Why Printing Companies Struggle to Make the Same Margins as Print Brokers
Would you like a 50 percent profit margin?
I met a print broker the other day who claimed that he wouldn’t bother dealing with a job unless he made a minimum of 50 percent markup. He would actually turn away work the only made 49 percent markup.
This may be an unusually high profit margin, but the fact remains that brokers are making healthy margins from print jobs. I see few print brokers that are charging any less than a 15 percent markup.
Why can’t printing companies make similar margins?
Printing companies can reach out to similar customers. They are selling the same products. In many cases, they are also selling the same services.
So why do printing companies seem to be pushed so hard on price when brokers are making good profits?
Maybe it’s all in the sales message
I once worked with a company to create a personalized voucher book. They gave me a huge amount of valuable advice. This advice improved the results of the project and made the printed item far more valuable. In effect, the printing company was acting as a consultant.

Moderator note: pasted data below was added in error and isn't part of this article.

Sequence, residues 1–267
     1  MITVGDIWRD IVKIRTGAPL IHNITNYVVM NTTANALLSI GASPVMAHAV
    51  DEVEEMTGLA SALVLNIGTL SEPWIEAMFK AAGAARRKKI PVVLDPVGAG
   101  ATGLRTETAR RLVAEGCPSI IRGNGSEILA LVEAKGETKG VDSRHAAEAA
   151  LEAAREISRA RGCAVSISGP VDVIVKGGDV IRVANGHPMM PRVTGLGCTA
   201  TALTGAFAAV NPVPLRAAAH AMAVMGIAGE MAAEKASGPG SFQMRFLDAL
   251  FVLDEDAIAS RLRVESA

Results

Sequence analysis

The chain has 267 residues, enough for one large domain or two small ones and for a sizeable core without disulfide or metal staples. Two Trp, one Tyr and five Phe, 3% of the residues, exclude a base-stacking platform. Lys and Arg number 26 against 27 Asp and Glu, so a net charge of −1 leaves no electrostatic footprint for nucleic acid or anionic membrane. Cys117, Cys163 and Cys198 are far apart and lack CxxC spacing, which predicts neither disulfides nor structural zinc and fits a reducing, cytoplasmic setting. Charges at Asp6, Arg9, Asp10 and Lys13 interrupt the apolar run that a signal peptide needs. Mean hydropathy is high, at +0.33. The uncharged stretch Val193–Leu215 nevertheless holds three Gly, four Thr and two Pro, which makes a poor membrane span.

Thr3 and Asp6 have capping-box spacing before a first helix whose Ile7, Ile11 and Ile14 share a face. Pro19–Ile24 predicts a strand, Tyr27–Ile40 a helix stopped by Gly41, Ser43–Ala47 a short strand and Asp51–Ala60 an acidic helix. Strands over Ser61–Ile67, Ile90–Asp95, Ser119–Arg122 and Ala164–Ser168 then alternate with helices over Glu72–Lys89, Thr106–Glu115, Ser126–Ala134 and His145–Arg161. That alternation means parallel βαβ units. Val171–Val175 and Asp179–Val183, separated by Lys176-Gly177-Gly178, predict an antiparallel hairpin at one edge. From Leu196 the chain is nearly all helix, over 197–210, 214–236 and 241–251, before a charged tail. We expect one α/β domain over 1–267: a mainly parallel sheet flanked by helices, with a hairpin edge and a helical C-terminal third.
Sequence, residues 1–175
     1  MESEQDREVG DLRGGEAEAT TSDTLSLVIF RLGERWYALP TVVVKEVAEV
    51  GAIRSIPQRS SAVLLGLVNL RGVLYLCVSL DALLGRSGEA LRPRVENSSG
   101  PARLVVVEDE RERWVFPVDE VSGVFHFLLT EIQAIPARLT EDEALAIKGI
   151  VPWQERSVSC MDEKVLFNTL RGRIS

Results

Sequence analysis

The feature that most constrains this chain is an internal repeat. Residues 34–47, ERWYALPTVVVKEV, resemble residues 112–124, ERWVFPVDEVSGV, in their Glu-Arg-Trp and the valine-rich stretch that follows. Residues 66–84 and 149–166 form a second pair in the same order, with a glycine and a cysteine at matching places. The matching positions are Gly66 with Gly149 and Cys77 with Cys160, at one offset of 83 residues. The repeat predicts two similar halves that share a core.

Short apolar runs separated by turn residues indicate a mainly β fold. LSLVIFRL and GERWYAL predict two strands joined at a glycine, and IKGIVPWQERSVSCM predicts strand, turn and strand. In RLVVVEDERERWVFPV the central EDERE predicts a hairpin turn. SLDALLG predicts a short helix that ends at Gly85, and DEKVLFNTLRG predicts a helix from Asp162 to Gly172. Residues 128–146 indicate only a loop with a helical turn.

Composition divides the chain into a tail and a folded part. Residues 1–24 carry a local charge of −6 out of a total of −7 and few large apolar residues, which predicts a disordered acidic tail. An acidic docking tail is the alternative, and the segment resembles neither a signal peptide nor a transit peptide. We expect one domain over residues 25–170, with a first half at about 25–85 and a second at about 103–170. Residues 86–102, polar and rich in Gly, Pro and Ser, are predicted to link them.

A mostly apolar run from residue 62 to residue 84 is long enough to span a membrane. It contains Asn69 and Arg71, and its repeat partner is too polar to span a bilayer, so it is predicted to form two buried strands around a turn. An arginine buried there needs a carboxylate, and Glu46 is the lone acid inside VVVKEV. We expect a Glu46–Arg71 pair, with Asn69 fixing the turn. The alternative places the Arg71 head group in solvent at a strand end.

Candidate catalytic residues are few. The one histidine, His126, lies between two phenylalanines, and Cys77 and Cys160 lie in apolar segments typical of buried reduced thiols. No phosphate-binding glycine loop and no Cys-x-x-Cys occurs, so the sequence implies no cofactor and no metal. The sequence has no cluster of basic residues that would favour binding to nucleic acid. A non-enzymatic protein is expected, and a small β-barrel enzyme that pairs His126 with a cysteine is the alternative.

There was one thing that struck me at the end of the project.
The printing company never sold their value to me
They had made their pitch all about economic production. What they were doing was selling price. They assumed that price was all I was interested in.
If they had shown what they could bring to the project in their sales pitch, they could easily have added quite a few percent on the price. However, all they did was to focus me on price.
There’s another tactic they could have used.
The printing company should have focused on the client’s world
These days, most buyers aren’t that interested in print. They are interested in the results that print can bring to their companies. There is a big difference between the two.